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Fuel Poverty

October 25, 2013

finance

The weather is turning and we are all looking for our winter coats, hats, gloves and scarves. Most of us had to switch the heating on at some point over the past week to take the chill out of the air. Imagine however if you couldn’t just put the heating on when you felt a bit chilly because you were terrified that when the heating bill came in you simply could afford it. This is a problem facing thousands of Brits every year and hits the elderly and infirm particularly badly. Citizens Advice Bureau has noted a steep increase in people getting into fuel debts in recent years.

The average British fuel bill has reached the dizzy heights of over £1000 a year and for many people it’s the biggest bill they will have to pay all year. In the UK today there are large numbers of people that are struggling to keep warm. The definition of suffering from fuel poverty is if you spend more than 10% of your total house income on keeping your house warm. The figures released by the Department of Energy and Climate Change shockingly states that the number of people who are counted as in fuel poverty has doubled in the last 5 years. This equates to about one in six of all UK households – senior charity advocates have described these increases as a ‘national scandal’.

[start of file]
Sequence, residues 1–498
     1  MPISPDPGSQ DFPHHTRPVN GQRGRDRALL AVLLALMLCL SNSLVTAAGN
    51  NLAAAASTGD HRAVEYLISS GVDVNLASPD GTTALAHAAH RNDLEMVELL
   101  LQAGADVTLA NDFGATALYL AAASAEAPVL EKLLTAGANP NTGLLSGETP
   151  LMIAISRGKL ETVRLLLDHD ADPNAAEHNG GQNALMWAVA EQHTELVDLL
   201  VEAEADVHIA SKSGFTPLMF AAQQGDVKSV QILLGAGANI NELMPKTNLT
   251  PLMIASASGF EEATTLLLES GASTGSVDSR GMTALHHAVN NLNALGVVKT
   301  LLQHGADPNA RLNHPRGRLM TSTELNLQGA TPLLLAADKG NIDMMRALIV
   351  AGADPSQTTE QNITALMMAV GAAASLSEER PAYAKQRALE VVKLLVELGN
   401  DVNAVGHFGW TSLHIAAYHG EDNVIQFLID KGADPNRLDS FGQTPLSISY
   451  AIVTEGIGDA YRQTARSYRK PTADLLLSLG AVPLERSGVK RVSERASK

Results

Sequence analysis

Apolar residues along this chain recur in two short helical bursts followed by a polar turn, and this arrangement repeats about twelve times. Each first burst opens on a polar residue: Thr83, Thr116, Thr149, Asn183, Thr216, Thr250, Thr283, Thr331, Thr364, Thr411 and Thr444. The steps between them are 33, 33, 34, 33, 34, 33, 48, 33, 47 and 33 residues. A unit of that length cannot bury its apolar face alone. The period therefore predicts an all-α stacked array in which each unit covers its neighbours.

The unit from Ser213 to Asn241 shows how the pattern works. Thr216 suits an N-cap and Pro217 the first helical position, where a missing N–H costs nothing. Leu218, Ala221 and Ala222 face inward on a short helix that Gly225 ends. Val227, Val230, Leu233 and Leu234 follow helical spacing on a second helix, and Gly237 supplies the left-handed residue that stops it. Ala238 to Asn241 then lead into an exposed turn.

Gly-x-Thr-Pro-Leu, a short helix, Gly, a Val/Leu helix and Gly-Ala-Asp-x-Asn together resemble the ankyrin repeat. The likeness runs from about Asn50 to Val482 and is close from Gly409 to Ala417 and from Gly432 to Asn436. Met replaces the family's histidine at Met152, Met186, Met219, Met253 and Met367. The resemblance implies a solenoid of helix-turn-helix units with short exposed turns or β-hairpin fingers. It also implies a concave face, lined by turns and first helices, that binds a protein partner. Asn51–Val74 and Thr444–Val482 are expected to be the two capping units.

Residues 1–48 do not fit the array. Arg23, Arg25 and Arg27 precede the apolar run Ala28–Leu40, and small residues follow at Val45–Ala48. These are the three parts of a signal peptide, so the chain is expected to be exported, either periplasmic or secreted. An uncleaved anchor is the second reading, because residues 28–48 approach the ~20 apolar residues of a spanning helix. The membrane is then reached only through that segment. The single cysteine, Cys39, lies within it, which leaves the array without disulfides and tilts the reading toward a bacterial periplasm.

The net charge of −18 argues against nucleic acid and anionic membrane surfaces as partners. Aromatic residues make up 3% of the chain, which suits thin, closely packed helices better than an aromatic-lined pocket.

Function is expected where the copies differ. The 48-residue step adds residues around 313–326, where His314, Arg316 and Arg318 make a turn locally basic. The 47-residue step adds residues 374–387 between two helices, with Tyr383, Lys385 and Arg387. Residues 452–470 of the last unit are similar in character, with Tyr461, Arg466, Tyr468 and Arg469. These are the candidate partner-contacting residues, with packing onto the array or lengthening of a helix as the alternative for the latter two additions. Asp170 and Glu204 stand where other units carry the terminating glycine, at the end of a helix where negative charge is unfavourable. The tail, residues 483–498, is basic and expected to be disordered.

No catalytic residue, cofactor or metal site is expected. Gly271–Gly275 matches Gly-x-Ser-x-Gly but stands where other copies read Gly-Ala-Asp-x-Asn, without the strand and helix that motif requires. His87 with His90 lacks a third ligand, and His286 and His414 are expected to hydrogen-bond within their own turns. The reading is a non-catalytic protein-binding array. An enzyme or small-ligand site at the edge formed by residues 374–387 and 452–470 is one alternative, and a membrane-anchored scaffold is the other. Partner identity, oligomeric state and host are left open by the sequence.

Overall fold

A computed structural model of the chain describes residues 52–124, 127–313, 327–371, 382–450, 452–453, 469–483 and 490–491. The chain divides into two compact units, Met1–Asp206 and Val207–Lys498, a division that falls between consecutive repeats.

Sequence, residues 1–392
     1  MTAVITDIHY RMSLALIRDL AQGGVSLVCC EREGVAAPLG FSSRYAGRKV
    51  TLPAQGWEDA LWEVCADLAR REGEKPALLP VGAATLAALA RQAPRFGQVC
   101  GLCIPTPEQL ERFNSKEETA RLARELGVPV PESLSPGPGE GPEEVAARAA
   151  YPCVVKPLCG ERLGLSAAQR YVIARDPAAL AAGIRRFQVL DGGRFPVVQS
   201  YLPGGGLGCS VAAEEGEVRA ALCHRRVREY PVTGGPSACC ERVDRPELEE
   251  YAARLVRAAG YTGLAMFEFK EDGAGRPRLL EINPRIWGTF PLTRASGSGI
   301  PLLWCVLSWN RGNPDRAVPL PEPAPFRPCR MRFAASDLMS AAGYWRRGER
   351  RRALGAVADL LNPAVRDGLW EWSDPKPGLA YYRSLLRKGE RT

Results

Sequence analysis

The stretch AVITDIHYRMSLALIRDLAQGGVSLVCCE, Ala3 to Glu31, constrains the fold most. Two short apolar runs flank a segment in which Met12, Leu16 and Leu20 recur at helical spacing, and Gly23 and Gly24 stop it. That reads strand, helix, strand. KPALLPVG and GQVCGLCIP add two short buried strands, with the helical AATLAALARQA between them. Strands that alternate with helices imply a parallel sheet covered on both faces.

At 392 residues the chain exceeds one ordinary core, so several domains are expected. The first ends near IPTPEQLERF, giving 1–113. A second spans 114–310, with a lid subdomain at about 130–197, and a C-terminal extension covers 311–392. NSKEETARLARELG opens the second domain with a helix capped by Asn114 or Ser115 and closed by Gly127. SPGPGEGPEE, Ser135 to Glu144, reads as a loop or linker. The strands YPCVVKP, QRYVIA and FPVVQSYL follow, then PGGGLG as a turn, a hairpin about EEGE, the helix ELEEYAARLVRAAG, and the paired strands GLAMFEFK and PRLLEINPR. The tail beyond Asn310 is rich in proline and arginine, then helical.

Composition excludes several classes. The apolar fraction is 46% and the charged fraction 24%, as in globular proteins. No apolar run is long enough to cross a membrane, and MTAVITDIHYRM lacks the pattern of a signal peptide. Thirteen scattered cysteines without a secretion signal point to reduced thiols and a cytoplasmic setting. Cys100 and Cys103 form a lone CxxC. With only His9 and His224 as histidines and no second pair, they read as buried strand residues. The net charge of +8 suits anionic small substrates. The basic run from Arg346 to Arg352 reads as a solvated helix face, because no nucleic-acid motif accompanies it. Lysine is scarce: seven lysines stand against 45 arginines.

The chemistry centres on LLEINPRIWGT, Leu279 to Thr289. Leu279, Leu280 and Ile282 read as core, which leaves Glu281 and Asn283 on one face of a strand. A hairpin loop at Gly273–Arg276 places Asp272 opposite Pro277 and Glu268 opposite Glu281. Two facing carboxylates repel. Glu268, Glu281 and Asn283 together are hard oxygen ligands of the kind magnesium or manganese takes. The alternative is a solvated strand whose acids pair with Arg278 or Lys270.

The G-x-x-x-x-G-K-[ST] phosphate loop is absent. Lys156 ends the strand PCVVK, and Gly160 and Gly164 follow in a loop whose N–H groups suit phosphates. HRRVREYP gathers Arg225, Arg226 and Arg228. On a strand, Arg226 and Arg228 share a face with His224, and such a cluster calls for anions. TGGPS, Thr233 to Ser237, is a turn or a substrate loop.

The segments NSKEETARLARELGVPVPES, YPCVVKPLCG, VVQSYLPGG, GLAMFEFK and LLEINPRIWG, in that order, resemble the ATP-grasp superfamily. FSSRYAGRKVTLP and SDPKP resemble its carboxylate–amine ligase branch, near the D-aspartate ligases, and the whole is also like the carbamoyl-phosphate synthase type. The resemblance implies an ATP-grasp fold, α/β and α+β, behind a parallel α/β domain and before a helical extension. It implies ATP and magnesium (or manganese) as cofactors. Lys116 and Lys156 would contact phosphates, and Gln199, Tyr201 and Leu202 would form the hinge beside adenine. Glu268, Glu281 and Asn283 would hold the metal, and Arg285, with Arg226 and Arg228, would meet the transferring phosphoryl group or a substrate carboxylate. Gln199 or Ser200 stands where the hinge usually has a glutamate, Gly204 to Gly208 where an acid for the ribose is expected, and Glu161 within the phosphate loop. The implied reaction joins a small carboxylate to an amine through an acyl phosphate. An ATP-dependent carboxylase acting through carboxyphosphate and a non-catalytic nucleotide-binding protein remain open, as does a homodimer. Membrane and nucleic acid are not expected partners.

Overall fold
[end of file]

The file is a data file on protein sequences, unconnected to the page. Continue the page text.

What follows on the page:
These figures were released a day after the treasury revealed that it has plans to reduce the emergency fuel bills from £25 to £8.50. These payments are made when the average temperature falls to freezing or below for 7 days in a row. People who are on pension credit or income support qualify for this. The government is also considering rising the age of people who qualify for winter fuel allowance from 60 to 66.

Campaigners would like see the government working with energy suppliers in order to assist the most susceptible families. Currently those on pre-payment meters or pay by cash are on the highest tariffs and people who use these tariffs tend to be the poorest.
Tom Lyon, energy expert at price comparison service, uSwitch.com, said: ‘This report reveals what we’ve always suspected – fuel poverty is a runaway train that is only going to gather momentum.’

It seems pretty insane in my opinion that in this day and age we can have over 4 million people living in fuel poverty. There is a fear that with the comprehensive spending review being released later this week that most vulnerable will be seriously affected.

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